Father and Son
Although they offer high praise for each other, Vernon Tyson and his son disagree on some things. The elder Tyson notes the gains of the civil rights movement, while Tim says the movement was a failure in many ways.
Despite passage of the Civil Rights Act and the Voting Rights Act, which Tim Tyson calls “important achievements,” he says many of the movement’s goals never were realized.
“Most of what Dr. King was marching about didn’t happen. The generation of liberals that my father identifies with lost. They were crushed. They are dinosaurs; gone, defeated.”
While Vernon Tyson says he understands his son’s conclusions, he says there’s more to the story. “Tim didn’t go through where we had come from before he was born,” says Vernon. “We were making progress. He says the weak tea of moderation wouldn’t cut it. Well, the truth is, about the only thing that was possible was the weak tea of moderation. … Black power only came after the weak tea of moderation couldn’t go any farther than it went.”
Vernon Tyson does not describe his ministry as heroic, but says he was used by some power beyond himself. “It was just an issue that was put on my plate,” he says. “I didn’t go looking for it.”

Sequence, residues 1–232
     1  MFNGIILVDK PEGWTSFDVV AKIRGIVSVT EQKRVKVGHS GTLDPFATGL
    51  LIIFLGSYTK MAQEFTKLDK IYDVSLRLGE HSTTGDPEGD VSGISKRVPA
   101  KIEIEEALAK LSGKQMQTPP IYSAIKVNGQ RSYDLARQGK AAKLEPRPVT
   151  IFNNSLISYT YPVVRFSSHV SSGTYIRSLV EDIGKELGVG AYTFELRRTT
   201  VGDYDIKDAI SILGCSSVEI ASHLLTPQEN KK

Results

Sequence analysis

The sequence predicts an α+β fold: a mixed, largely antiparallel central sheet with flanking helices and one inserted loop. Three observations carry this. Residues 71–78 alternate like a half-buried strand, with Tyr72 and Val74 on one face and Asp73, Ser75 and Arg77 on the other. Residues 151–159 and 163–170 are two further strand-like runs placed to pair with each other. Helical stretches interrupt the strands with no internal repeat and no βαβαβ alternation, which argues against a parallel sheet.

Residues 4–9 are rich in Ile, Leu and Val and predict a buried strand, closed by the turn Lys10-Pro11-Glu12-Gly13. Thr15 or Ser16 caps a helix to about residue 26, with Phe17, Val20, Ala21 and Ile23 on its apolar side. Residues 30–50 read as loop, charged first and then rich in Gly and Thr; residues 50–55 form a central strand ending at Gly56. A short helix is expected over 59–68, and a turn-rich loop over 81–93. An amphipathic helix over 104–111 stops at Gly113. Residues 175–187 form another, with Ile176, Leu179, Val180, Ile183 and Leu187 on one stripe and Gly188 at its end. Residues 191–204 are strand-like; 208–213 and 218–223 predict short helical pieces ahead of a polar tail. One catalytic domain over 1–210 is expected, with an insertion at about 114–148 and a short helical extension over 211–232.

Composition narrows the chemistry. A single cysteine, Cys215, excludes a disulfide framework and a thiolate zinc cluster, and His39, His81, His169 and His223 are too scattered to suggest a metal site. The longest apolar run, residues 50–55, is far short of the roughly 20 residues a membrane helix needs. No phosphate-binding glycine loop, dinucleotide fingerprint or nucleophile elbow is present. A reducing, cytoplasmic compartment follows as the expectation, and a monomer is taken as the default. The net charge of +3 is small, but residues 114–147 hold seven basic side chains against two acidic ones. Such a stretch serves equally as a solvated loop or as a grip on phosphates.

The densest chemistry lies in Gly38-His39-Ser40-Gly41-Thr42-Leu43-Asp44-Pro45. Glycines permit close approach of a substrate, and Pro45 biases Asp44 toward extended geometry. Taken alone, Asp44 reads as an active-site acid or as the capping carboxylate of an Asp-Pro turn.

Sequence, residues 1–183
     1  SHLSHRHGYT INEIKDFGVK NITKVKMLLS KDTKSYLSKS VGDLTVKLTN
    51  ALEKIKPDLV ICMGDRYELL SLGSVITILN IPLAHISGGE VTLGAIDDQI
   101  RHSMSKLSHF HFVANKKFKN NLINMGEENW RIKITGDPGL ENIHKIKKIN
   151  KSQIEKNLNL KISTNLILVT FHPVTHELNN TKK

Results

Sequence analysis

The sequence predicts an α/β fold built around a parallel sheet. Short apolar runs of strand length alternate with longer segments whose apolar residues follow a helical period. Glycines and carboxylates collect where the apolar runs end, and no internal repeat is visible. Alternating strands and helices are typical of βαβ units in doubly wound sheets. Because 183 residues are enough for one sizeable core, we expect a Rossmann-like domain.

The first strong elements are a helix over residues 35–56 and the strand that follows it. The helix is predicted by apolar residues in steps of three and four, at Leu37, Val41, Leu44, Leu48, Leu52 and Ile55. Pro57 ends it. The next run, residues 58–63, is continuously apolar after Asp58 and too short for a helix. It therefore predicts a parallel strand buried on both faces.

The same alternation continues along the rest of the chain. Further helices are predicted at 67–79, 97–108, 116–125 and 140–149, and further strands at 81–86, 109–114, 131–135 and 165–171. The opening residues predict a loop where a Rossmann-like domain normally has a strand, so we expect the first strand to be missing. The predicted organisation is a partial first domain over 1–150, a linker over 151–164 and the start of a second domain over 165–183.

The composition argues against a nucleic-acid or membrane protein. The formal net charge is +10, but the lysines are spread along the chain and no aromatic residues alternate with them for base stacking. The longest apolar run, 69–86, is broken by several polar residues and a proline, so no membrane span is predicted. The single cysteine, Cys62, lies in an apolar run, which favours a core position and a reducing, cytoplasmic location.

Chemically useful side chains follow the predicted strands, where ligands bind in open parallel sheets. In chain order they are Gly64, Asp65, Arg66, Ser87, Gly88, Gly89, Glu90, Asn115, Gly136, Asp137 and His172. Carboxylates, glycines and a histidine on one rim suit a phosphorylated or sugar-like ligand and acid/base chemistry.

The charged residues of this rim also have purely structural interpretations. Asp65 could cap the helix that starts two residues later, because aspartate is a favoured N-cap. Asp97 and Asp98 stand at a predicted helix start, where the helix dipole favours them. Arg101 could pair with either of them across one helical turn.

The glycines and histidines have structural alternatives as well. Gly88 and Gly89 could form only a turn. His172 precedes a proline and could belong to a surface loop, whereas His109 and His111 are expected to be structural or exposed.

Watching his father deal with conflict made a mark on Tim Tyson. “When you get right down to it, my dad put all his chips on the line. He risked his life and his livelihood and he kept his sense of humor. And most of the time he kept his job and he went on.
“I think one of the great things that can be learned from my father is that he was always a happy warrior. He measured his success in strong happy children and good times with his family and enjoying the Lord’s creation, and in his love for my mother. He measured his life in happiness. In that sense he’s an enormous success, and nothing that his adversaries could do to him ever dampened that. I can’t imagine anyone more successful.”
In the years since desegregation, father and son— Tyson and Tyson—have worked together. In the epilogue of Blood Done Sign My Name, Tim recounts a spontaneous prayer his father led for 40 students who joined the Tysons on a 2001 bus trip through the civil rights battlefields of the South. The prayer came after a visit to New Orleans’ Destrehan Plantation, where 150 slaves were killed following an 1811 revolt.
… We, too, have been tempted to love things and use people, when you have called us to love people and use things. We ask your forgiveness for our complicity in these evils, and in the evils of our own time, and pray your healing for our hearts. Thank you for the love that binds us one to another, and to our homes and families, and to you.
Patrick O’Neill is a freelance writer based in Garner, N.C. His most recent article for Divinity was a profile of the Rev. Seth Lartay D’90 in the Winter 2004 issue.
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